• P.S.-Didn’t receive the ‘Thermal Gap Filler’ with my order

    • Sorry Keith! Please do let customer service know and we’ll get any missing parts right to you.

  • Got mine. Been trying to download the Universal Reader software and server doesn’t respond. Went to ThingMagic and don’t see it there.


    • We have no plans to sell the module alone, but we don’t do any programming of the module.

      • So essentially, if you had the module, you’d only need the left hand part of your schematic ‘RFID module’ and an FTDI adaptor to run that windows gui, yes?

        • Essentially, yes, that’s all you need. Depending how you lay out your PCB you would will need to re-characterize your 50 Ohm micro strip to get the max power output from your PCB or u.FL antenna connection.

          • Excellent, although I’m going to start out with your breakout board just to be sure. The thing about the PCB antenna vs. an external antenna is I don’t see a comparison of what you get out of your PCB board power out versus best case external antenna. From what I read it seems to imply that the PCB antenna can still give a respectable 16 feet. Would you agree? Also, the warning that output should be 8 inches from a person to comply with FCC rules kind of trips up me wanting this to be a wearable. I don’t suppose there is a way to directionally guide that output by ‘steering’ it somehow?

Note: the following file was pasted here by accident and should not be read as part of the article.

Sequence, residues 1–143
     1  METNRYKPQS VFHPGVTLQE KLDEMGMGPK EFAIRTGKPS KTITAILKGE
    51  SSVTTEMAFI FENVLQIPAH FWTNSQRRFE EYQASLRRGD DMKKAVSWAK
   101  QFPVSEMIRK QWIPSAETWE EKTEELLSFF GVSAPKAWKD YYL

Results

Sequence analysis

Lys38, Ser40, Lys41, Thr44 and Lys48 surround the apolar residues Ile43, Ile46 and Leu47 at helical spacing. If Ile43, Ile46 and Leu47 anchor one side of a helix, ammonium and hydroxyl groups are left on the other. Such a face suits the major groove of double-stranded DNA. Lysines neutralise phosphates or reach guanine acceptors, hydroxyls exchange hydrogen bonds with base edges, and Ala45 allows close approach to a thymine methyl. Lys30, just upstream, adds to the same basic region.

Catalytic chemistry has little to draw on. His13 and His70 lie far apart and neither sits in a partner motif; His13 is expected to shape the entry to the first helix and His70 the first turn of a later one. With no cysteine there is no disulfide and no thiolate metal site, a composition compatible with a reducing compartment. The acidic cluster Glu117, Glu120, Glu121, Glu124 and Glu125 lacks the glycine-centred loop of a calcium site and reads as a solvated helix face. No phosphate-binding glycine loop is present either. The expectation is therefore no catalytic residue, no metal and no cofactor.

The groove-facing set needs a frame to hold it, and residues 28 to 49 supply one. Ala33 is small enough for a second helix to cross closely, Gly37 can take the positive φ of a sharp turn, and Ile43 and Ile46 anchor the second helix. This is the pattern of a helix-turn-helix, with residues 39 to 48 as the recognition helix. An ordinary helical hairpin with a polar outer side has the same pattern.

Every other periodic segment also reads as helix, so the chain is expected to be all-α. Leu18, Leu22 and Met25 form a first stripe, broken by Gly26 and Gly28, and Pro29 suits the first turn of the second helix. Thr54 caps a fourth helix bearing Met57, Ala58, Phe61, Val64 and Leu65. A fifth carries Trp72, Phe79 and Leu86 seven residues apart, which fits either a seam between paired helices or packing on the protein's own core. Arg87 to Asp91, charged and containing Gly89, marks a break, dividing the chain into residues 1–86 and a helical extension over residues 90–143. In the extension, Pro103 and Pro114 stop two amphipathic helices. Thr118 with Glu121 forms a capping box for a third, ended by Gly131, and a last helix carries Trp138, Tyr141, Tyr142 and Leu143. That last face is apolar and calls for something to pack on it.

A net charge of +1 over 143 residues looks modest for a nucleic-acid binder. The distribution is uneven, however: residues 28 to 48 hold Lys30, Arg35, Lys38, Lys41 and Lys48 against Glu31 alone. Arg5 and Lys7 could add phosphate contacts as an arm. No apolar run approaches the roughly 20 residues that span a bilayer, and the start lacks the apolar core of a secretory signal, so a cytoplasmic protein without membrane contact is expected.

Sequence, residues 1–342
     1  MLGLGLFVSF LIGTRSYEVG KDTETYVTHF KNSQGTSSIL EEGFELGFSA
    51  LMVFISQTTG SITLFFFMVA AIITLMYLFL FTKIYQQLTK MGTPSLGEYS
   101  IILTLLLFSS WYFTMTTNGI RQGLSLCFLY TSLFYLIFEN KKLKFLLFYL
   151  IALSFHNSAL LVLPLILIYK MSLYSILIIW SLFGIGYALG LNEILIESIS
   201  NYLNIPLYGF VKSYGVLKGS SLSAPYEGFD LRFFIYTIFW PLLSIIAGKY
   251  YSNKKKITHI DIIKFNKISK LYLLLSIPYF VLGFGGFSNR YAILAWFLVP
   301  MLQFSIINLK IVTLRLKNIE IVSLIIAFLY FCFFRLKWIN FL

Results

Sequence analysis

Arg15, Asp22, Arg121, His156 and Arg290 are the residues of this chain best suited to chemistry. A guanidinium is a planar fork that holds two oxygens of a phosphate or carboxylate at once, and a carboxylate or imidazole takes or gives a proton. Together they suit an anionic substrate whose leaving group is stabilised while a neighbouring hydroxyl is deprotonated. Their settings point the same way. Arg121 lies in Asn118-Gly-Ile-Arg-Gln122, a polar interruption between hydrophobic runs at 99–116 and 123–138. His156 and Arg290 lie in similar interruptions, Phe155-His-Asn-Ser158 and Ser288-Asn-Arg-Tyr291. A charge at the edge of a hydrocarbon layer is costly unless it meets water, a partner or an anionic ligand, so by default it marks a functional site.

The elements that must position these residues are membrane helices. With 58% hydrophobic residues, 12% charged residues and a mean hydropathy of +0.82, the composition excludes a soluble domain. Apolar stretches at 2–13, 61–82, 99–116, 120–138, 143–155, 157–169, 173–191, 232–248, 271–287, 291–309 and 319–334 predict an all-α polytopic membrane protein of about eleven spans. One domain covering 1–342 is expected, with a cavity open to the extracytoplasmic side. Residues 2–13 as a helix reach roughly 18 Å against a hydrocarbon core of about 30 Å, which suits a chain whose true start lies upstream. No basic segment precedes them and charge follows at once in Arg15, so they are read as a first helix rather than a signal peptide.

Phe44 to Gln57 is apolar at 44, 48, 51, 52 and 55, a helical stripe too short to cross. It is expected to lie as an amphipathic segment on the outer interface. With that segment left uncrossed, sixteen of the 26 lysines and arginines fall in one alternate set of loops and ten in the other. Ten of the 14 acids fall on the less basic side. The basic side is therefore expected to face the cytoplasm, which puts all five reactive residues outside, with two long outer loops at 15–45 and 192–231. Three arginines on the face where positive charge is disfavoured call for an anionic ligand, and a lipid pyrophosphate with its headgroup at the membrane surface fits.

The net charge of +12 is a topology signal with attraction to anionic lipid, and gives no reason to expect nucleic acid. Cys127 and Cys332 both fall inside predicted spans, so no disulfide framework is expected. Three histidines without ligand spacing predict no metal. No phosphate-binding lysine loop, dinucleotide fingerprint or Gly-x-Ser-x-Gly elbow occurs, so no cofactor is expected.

• How secure is this? I’m interested in using it for a keyless entry/start for my car.

    • That’s a really tough question to answer as it depends on how you implement your specific system. If your system just looks for a given EPC, then I can create a tag with your same EPC and act like you. This is how I think I may have copied my ski pass.

      If your system looks for a given TID, then it’s more difficult (but not impossible) for me to create a tag with your TID.

      However, if you get more advanced, the Gen2 protocol has key authentication challenges meaning you can’t just duplicate a tag’s ID or EPC. For the vast majority of applications this is very secure. But as we’ve see with the recent SHA-1 hacks that took over 10 years, everything is vulnerable eventually.